The agency sent a letter to the companies saying that it will formally withdraw from the FutureGen project. The companies are collectively known as the FutureGen Alliance.
"The letter sets in motion the final administrative steps to be taken under the cost-shared Cooperative Agreement between the Department of Energy and the FutureGen (Alliance)," Energy Department spokeswoman Angela Hill said in an e-mailed statement.
The letter from Energy Secretary Samuel Bodman, a copy of which was obtained by The Associated Press, says little other than that the DOE plans to work with the alliance to close out the partnership.
News of the Energy Department's formal withdrawal was expected, according to politicians who've worked to keep the project alive since the agency said in January that it didn't want to build the plant in Mattoon. The department said the project's cost was too high.
Lawmakers said they would try to put some funding for the project in the federal budget and revive it under the next president.
"In just a few months, this administration will be packing up and leaving town," Sen. Dick Durbin, an Illinois Democrat, said in a statement. "I am going to be here waiting for the next administration to make good on the federal government's commitment to move forward with this important project."
FutureGen Alliance spokesman Lawrence Pacheco echoed those sentiments.
"The Alliance remains committed to working with its champions in the House and the Senate on a legislative solution to keep FutureGen at Mattoon alive until the next administration," he said. "If the world and this country want to address carbon emissions, we will need carbon capture and sequestration technology. FuturGen at Mattoon is the only facility in the world in the planning process which can achieve that."
Durbin and other members of the Illinois delegation have tried unsuccessfully in recent weeks to pressure the DOE to keep the project afloat.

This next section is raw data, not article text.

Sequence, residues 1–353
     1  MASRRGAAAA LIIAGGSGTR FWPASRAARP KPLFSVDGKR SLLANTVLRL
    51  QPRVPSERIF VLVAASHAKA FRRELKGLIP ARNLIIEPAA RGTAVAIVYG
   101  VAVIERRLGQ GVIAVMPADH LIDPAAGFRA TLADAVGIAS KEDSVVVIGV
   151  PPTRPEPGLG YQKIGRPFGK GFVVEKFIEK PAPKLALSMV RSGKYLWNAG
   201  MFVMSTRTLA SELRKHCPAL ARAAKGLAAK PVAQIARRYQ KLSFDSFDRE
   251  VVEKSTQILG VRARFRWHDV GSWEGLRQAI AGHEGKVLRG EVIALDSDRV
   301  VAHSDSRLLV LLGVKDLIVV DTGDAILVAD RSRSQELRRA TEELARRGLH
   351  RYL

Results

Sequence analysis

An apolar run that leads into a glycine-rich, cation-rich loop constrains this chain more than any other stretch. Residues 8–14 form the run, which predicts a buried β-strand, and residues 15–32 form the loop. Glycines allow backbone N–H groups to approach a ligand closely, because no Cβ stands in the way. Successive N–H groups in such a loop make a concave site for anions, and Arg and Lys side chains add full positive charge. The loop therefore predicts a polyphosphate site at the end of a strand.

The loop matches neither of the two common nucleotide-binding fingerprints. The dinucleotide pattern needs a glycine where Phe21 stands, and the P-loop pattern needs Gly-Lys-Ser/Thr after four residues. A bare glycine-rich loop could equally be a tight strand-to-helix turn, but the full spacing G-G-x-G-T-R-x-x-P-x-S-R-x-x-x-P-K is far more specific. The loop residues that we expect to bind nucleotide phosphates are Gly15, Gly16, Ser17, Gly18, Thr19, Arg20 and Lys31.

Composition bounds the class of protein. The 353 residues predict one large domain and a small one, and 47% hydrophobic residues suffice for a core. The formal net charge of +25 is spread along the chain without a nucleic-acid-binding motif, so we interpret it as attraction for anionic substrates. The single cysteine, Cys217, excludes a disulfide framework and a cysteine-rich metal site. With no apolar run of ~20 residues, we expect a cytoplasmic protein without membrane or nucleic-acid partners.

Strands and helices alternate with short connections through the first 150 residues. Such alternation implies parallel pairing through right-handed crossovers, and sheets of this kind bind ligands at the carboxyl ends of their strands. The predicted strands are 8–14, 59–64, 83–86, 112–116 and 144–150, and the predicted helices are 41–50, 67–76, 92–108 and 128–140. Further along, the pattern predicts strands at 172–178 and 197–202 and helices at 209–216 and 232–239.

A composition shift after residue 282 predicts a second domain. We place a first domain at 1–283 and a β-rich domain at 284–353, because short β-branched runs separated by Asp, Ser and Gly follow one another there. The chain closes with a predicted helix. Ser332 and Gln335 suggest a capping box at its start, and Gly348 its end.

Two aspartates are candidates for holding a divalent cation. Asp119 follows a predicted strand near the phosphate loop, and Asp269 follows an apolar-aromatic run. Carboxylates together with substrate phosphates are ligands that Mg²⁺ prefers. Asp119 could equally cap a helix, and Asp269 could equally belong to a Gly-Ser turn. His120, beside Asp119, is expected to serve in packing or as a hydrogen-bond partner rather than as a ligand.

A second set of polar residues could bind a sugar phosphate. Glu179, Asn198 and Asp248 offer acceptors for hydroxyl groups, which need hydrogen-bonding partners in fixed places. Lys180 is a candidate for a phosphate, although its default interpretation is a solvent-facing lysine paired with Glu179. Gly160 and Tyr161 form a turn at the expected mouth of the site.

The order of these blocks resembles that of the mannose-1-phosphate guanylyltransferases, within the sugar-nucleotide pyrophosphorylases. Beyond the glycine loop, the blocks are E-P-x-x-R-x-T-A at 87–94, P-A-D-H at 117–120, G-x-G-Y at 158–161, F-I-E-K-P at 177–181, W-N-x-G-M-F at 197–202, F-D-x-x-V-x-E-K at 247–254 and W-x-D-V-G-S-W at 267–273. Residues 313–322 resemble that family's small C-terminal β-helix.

FutureGen was kicked off by President Bush in 2003 as a way to prove that coal could be used as a relatively clean way to generate power. Carbon dioxide from the power plant would be trapped and permanently stored underground.
The power and coal companies picked Mattoon for the plant in December over one other potential site in Illinois and two in Texas.
But almost immediately the Energy Department objected, saying the costs of the project had nearly doubled to $1.8 billion.
The DOE said instead it planned to start over, with plans to help pay for several clean-coal projects around the country. The agency plans to seek proposals for those projects in the next few weeks, Hill said.
But Illinois politicians like Durbin and Rep. Tim Johnson have long believed politics and President Bush's Texas roots were behind the decision to scrap FutureGen in Mattoon.
"It is still not clear why DOE abandoned this project only after Mattoon, Illinois was selected," said Johnson, an Urbana Republican.
Economic planners in Mattoon say they haven't given up and have plans to buy the site originally selected for the plant. And a seismic survey of the land, a final check of its suitability for carbon storage, is planned for next week, said Angela Griffin of the local economic development group Coles Together.
"It really doesn't change things for us," she said. "Everyone, including the alliance member companies, (was) expecting this. There have been contingency plans in place to keep this thing moving forward."